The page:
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The native conformation of a protein is formed by interactions between the side chains of its constituent amino acids. When the amino acids cannot form these interactions, the protein cannot fold by itself and needs chaperones. Notably, chaperones do not relay any additional information required for the folding of polypeptides; the native conformation of a protein is determined solely by its amino acid sequence. Chaperones catalyze protein folding without being a part of the folded protein.

The unfolded or partially folded polypeptides, which are often intermediates in the folding pathway, are stabilized by chaperones, leading to the final correctly folded state. Without chaperones, the unfolded or partially folded polypeptides may misfold or form insoluble aggregates. This is particularly observed in proteins in which the carboxy or C-terminus is required for the correct folding of the amino or N-terminus. In such cases, a chaperone can bind and stabilize the N-terminal part of the polypeptide in an unfolded conformation until the rest of the peptide chain is synthesized and the whole protein can fold correctly.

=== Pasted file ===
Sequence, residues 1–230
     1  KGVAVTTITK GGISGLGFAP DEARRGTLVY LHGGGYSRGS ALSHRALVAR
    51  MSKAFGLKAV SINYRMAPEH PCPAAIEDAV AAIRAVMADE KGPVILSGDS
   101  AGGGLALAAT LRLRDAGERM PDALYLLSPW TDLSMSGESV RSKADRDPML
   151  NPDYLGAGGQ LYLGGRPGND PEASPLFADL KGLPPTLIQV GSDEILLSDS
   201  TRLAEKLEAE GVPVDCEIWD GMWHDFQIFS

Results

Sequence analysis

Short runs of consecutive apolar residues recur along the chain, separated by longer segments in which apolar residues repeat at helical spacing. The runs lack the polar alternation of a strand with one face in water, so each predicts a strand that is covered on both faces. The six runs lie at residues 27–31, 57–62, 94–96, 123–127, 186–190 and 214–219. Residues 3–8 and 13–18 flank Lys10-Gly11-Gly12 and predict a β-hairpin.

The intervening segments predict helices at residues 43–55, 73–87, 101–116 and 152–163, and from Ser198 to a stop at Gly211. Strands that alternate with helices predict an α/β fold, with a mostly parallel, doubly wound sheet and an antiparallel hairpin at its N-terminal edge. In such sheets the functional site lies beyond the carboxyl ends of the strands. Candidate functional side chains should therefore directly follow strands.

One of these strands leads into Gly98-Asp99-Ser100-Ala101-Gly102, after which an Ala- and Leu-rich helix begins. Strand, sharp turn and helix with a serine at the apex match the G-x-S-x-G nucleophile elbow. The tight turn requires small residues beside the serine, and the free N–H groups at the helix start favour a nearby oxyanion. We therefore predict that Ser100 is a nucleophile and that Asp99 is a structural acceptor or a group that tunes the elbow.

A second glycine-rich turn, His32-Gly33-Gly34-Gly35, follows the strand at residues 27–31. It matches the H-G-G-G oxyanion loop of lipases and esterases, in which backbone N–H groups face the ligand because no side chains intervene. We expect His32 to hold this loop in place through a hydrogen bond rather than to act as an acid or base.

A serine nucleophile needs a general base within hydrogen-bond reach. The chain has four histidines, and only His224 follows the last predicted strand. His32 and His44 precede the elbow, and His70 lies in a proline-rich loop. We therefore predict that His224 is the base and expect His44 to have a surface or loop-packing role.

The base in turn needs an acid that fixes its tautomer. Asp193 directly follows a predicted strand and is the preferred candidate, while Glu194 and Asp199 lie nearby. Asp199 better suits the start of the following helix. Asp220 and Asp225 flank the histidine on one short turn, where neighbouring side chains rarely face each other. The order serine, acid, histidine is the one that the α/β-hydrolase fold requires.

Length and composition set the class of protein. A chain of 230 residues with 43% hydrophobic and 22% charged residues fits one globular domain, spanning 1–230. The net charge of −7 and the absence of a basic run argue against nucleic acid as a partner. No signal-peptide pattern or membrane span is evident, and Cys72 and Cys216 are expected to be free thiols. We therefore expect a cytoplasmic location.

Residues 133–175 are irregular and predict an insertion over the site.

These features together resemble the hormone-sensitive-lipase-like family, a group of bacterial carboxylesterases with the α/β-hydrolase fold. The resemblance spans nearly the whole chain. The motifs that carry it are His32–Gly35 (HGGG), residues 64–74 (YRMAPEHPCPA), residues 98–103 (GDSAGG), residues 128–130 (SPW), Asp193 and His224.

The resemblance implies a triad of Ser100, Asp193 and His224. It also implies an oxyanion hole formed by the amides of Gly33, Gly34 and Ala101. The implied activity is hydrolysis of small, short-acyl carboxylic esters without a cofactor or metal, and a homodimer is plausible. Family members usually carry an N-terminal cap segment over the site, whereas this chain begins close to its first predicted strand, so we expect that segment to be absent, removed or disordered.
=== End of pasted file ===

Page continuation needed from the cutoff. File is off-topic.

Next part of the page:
Chaperones can also stabilize unfolded polypeptide chains as they are transported into subcellular organelles. For instance, during the transfer of proteins into the mitochondria from the cytosol, it is easier for partially unfolded conformations to be transported across the mitochondrial membrane. During the transport, the partially unfolded polypeptides are stabilized by chaperones.

Additionally, chaperones play an important role in the assembly of proteins that have a complex structure, such as multi-subunit proteins. These proteins comprise multiple polypeptide chains - each of which needs to be correctly folded and then assembled in a specific manner. In the processes involved, chaperones assist in protein folding and the stabilization of unassociated components while other parts of the protein are undergoing assembly.

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